Yoeri van de Burgt 1,2

1 Microsystems, Eindhoven University of Technology, Eindhoven, Netherlands
2 Institute for Complex Molecular Systems, Eindhoven University of Technology, Eindhoven, Netherlands

Neuromorphic computing could address the inherent limitations of conventional silicon technology in dedicated machine learning applications. Recent work on large crossbar arrays of two-terminal memristive devices has led to the development of promising neuromorphic systems. However, delivering a compact and efficient parallel computing technology that is capable of embedding artificial neural networks in hardware remains a significant challenge.

Organic electronic materials have shown potential to overcome some of these limitations. This talk describes state-of-the-art organic neuromorphic devices and provides an overview of the current challenges in the field and attempts to address them. I demonstrate a concept based on novel organic mixed-ionic electronic materials and show how we can use these devices in trainable biosensors and smart autonomous robotics.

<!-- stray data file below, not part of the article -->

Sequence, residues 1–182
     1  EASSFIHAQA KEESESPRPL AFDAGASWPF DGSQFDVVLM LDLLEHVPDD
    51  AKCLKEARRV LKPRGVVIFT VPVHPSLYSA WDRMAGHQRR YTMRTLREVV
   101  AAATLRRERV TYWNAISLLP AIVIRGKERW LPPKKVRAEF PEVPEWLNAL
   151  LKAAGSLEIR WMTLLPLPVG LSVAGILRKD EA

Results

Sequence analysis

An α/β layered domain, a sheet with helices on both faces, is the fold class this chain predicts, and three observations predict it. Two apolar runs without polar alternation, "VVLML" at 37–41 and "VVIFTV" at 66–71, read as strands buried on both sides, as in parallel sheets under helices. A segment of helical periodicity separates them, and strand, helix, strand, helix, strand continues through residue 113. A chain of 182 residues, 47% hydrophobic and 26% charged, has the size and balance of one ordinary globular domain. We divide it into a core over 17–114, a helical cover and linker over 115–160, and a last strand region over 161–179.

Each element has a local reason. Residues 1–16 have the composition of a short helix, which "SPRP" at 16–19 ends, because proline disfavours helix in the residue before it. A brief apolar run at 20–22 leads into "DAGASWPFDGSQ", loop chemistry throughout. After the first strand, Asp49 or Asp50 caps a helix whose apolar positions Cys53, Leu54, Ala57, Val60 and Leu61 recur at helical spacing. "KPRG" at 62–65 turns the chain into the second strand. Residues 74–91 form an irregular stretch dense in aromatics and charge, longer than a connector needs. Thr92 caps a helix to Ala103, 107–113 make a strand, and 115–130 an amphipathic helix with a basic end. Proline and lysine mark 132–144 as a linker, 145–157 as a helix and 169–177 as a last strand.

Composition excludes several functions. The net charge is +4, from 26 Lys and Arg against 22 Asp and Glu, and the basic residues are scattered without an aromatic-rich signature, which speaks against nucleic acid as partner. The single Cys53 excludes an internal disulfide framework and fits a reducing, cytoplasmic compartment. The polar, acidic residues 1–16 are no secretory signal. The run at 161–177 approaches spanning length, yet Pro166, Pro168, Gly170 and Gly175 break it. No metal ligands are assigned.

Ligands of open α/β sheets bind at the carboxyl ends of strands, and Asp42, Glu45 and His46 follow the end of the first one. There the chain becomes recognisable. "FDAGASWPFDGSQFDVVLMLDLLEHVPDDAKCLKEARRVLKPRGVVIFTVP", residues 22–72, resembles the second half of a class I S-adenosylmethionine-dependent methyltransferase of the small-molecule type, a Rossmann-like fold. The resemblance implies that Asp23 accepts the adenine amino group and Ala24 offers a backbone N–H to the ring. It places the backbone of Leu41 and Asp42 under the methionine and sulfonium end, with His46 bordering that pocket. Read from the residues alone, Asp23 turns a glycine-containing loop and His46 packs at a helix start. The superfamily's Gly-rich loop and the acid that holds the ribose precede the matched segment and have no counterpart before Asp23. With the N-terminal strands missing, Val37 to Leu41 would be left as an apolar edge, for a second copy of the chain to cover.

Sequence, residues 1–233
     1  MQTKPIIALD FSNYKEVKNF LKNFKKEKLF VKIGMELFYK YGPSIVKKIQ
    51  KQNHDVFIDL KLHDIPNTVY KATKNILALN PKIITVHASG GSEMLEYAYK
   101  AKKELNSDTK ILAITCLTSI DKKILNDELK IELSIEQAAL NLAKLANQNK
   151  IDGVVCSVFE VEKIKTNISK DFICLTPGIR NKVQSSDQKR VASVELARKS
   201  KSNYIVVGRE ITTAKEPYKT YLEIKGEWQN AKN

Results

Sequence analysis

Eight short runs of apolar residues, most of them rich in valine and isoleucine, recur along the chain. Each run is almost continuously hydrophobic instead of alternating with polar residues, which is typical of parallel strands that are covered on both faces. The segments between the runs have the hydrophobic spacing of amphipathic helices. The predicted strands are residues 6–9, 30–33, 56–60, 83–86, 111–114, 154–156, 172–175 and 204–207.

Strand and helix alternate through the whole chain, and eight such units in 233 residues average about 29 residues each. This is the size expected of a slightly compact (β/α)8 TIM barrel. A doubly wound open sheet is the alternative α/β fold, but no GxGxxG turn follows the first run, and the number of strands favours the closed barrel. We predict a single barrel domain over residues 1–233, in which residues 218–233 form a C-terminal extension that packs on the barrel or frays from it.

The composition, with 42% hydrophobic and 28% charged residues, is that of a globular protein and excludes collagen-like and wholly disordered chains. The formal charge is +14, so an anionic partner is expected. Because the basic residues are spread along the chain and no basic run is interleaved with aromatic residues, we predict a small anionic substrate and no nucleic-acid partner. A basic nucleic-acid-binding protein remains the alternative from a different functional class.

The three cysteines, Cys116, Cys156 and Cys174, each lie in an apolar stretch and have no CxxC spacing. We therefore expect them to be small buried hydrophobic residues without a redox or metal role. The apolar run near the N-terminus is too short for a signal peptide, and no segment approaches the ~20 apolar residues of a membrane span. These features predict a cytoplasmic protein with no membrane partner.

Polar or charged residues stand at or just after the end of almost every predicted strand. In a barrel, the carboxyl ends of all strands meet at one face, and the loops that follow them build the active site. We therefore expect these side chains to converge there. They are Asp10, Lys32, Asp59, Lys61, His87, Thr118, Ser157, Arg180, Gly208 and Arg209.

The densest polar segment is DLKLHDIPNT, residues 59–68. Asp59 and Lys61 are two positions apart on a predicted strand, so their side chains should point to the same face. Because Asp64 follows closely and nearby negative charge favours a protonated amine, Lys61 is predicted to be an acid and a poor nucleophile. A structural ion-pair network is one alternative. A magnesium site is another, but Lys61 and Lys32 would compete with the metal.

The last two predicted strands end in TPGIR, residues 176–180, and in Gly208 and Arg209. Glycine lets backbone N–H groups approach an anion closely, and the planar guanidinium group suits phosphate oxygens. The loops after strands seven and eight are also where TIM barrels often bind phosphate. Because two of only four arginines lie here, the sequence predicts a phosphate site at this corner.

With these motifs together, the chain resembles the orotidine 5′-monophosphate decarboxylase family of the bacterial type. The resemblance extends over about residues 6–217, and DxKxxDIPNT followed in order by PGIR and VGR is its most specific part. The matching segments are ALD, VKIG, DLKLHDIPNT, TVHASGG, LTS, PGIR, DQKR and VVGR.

Next to that, organic electronic materials have the potential to operate at the interface with biology. This can pave the way for novel architectures with bio-inspired features, offering promising solutions for the local manipulation and the processing of biological signals and potential applications ranging from brain-computer-interfaces and smart robotics to bioinformatics. I will highlight our recent efforts on adaptive sensing and hybrid biological memory devices.

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